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    • The Upshot: Match Play, Day 1

    • Webb Simpson was one of 23 higher-seeded players to defeat their "underdog" opponents on Wednsday. (Stan Badz/PGA TOUR) Webb Simpson was one of 23 higher-seeded players to defeat their "underdog" opponents on Wednsday. (Stan Badz/PGA TOUR)

    MARANA, Ariz. – For such a popular player, Rickie Fowler plays the underdog role quite well.

    After missing his past three cuts, there’s no doubt who the favorite was in the 7:25 a.m. match at the WGC-Accenture Match Play Championship: Fowler vs. the match play monster Ian Poulter.

    “If I was picking a bracket and I was an outsider looking in, I probably would have picked Poulter,” Fowler said after sending the Englishman home, 2 and 1. “I knew I was the underdog, I knew I had somewhat nothing to lose.”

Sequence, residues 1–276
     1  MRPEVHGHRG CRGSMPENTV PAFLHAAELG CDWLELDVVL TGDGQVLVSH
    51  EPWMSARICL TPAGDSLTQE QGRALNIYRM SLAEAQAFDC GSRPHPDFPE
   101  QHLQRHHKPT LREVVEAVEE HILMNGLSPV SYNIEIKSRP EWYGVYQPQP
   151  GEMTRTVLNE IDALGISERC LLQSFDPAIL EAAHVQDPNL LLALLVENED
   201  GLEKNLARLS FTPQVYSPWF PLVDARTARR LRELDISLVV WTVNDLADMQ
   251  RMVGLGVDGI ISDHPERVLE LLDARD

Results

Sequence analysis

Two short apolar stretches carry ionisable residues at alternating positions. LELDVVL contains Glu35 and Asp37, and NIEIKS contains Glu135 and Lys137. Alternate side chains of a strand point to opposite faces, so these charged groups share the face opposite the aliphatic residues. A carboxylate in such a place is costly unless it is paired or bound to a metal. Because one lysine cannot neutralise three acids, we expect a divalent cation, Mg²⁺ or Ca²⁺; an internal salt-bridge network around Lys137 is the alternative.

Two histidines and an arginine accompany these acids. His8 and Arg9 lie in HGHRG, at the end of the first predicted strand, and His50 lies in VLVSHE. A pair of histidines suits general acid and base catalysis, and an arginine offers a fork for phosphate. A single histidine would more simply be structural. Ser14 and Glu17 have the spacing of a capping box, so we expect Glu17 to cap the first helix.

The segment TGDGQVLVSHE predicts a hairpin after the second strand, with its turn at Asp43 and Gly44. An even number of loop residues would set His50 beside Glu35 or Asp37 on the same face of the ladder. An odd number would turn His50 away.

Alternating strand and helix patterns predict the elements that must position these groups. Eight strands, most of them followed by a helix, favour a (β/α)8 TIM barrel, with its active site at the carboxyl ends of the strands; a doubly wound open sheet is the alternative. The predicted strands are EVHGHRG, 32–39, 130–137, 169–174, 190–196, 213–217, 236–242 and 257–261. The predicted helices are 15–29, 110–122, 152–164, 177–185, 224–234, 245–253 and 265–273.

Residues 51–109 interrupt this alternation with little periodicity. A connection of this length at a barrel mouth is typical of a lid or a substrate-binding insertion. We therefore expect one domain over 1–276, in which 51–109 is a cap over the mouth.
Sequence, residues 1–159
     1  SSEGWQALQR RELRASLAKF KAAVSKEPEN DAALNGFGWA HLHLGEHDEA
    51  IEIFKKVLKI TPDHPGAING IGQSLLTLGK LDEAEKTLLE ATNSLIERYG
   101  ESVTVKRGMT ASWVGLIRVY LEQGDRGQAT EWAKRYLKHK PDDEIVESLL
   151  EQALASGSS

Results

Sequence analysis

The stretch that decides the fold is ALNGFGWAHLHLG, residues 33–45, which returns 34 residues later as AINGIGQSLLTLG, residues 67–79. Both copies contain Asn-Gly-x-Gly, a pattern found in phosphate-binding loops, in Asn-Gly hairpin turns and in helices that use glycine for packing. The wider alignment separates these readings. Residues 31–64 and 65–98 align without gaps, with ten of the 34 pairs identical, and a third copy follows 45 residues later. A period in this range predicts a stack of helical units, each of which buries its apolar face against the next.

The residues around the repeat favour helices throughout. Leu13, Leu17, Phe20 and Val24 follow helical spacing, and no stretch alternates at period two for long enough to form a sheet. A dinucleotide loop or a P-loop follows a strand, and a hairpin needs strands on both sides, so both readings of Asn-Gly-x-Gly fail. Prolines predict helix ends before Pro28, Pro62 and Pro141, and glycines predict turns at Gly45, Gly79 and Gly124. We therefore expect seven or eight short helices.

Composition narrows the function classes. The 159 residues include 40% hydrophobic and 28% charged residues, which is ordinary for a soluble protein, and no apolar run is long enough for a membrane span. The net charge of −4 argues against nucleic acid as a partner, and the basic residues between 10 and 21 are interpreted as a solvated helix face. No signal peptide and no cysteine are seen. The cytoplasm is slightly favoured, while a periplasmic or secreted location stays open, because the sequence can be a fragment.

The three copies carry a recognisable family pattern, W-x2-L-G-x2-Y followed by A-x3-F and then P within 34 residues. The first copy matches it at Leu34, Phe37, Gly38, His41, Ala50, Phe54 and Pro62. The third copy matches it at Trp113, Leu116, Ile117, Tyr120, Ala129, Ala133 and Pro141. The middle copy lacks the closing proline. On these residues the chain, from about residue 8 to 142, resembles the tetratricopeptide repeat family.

Fowler, who has slipped to a 14 seed and No. 56 in the Official World Golf Rankings, was in control from the start, eventually making a 36-foot eagle putt at 13 to go 3 up. Poulter gave himself good looks at birdies down the stretch, but couldn’t get a putt to drop.

    It’s not the first time Fowler has surprised the oddsmakers in this format. In his first appearance at the Match Play in 2011, he played a four-hole stretch in five under on the way to trouncing Phil Mickelson, 6 and 5 in Round 2.

    “I knew Poulter was going to be the same way, I couldn’t give him anything,” Fowler said. “I was going to have to make him earn it.”

    Other big names that are headed home:

    - Zach Johnson: He was the only No. 1 seed to be defeated on Day 1, losing 5 and 4 to bogey-free Richard Sterne. - Dustin Johnson: Despite finishing runner up the past two weeks, he goes home after Round 1 for the fifth time in six years. Peter Hanson defeated him, 4 and 3 - Keegan Bradley: For as good as he’s been in team match play, his record slips to 1-3 at this event after a 2 and 1 loss to Jonas Blixt. - Steve Stricker: He was a late commitment to the event after waiting to see how his brother’s liver transplant went (successfully, by the way), but he’s leaving early for the first time since 2011. - Luke Donald: Only twice in 10 years has Luke Donald been bounced in the first round. This time it was by Matteo Manassero (5 and 4).